March 7, 2013
By Jim Moore
The HammerHead UAS, based on the Piaggio P.180 Avanti design. Image courtesy Piaggio Aero.
Spying in style is not just for James Bond: Italian aircraft maker Piaggio Aero has teamed with Selex Electronic Systems to adapt the P.180 Avanti twin turboprop for unmanned surveillance and reconnaissance missions. The windowless version was introduced to the world in February, and ground testing has commenced, the companies announced.
Gizmodo immediately declared the P.1HH “HammerHead” the “world’s most stylish” unmanned aircraft system (UAS). The companies producing it opted to highlight performance in a press announcement, noting a cruising altitude of 45,000 feet and 16-hour endurance.
Derived from the Avanti airframe, the HammerHead UAS is controlled remotely and capable of operations beyond line of sight, confirming to a NATO UAS control standard. The HammerHead is powered by a pair of Pratt & Whitney Canada PT-6-66B turboprop engines, and positions Piaggio to compete in the lucrative military UAS market.
“It supports Piaggio Aero’s vision of becoming a prominent player in the surveillance and security sector producing leading edge Unmanned Aerial Systems and world class Multirole Patrol Aircraft,” said Alberto Galassi, Piaggio Aero Industries CEO, in a news release.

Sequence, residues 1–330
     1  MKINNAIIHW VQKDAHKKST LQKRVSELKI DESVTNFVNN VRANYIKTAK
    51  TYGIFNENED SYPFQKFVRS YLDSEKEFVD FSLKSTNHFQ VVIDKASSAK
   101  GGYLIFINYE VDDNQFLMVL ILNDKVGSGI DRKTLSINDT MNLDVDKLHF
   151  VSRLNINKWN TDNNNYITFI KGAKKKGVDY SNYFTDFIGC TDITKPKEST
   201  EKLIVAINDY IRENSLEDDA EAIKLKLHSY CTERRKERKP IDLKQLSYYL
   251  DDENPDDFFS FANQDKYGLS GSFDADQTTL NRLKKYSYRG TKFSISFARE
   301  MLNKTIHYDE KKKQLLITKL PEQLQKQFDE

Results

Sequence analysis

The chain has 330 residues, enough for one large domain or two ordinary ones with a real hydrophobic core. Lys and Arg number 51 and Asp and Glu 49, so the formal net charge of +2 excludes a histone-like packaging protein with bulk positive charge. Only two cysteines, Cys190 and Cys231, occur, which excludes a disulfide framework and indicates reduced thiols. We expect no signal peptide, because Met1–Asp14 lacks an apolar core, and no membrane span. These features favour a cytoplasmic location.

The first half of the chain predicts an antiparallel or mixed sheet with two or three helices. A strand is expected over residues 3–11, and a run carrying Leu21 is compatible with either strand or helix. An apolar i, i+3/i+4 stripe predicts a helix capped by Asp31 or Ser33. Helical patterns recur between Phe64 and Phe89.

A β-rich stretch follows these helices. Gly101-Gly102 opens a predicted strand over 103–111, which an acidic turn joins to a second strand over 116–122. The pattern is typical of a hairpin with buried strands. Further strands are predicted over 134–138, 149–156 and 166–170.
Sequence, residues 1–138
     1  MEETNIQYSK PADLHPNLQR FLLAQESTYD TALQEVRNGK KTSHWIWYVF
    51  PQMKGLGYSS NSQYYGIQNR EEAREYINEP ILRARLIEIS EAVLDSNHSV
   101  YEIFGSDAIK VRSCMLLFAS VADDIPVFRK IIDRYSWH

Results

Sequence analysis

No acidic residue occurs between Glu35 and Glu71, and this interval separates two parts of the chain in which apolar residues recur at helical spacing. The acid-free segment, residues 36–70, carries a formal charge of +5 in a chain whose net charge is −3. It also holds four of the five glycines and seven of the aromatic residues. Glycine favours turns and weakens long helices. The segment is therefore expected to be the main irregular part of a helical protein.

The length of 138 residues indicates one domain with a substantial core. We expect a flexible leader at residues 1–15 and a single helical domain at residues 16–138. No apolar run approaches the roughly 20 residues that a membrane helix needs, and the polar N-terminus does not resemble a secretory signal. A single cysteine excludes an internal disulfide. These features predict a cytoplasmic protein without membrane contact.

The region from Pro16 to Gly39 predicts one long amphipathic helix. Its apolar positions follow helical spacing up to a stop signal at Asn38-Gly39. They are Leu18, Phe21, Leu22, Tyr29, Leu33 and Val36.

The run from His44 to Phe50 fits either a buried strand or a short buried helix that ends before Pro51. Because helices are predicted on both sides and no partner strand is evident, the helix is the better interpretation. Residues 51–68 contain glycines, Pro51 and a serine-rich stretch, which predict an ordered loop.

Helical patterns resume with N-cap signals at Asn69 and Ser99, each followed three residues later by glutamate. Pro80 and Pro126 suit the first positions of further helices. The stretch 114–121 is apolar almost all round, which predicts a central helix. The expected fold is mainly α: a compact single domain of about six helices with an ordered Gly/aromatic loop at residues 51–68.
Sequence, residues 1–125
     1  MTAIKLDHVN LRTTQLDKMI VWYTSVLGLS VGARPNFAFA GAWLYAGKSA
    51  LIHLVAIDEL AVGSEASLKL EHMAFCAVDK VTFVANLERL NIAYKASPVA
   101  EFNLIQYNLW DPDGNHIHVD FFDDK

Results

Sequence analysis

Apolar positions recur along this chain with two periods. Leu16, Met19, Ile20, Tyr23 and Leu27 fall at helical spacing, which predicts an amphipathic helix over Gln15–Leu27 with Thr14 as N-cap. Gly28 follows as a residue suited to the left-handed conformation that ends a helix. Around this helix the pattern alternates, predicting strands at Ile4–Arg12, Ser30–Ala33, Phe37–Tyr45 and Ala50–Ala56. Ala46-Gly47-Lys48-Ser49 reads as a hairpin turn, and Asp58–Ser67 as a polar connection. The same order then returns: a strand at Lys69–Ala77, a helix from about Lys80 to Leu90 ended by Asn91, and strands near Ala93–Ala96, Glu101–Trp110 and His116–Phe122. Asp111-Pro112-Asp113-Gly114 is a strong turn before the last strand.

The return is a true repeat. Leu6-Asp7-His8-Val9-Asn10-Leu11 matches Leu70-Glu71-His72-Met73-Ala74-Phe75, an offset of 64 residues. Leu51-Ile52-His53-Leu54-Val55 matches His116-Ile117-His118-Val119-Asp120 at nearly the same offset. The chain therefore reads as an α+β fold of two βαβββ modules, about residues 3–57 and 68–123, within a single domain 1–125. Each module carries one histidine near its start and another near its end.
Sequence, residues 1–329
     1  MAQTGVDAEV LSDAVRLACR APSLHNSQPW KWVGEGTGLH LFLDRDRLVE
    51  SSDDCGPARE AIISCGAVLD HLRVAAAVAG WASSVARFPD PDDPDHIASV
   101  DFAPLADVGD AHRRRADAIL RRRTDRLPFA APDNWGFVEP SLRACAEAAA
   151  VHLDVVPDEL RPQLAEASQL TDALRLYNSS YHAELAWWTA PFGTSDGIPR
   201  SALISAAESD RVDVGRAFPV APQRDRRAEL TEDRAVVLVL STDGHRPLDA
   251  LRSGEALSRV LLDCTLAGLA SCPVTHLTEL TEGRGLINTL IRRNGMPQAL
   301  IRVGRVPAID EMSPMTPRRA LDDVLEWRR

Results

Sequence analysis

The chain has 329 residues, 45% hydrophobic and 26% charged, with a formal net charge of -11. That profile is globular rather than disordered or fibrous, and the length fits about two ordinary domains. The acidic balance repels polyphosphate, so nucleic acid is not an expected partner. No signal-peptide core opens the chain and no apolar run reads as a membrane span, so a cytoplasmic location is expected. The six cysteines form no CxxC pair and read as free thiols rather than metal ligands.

The HammerHead UAS is expected to fly this year. Photo courtesy Piaggio Aero.
AOPA Online Associate Editor Jim Moore joined AOPA in 2011 and is an instrument-rated private pilot who enjoys competition aerobatics.
Actor, pilot, and general aviation advocate Harrison Ford was hospitalized March 5 after sustaining injuries in an emergency landing at a California golf course, according to multiple news reports.
AOPA has joined the “Know Before You Fly” campaign that seeks to educate users of unmanned aircraft systems about safe and responsible operations, including where and how high unmanned aircraft may be flown.
With solid instrument meteorological conditions extending hundreds of miles in every direction, a VFR-only pilot was stuck on top. The controller who helped him was among those honored March 4 with the Archie League Medal of Safety Award.
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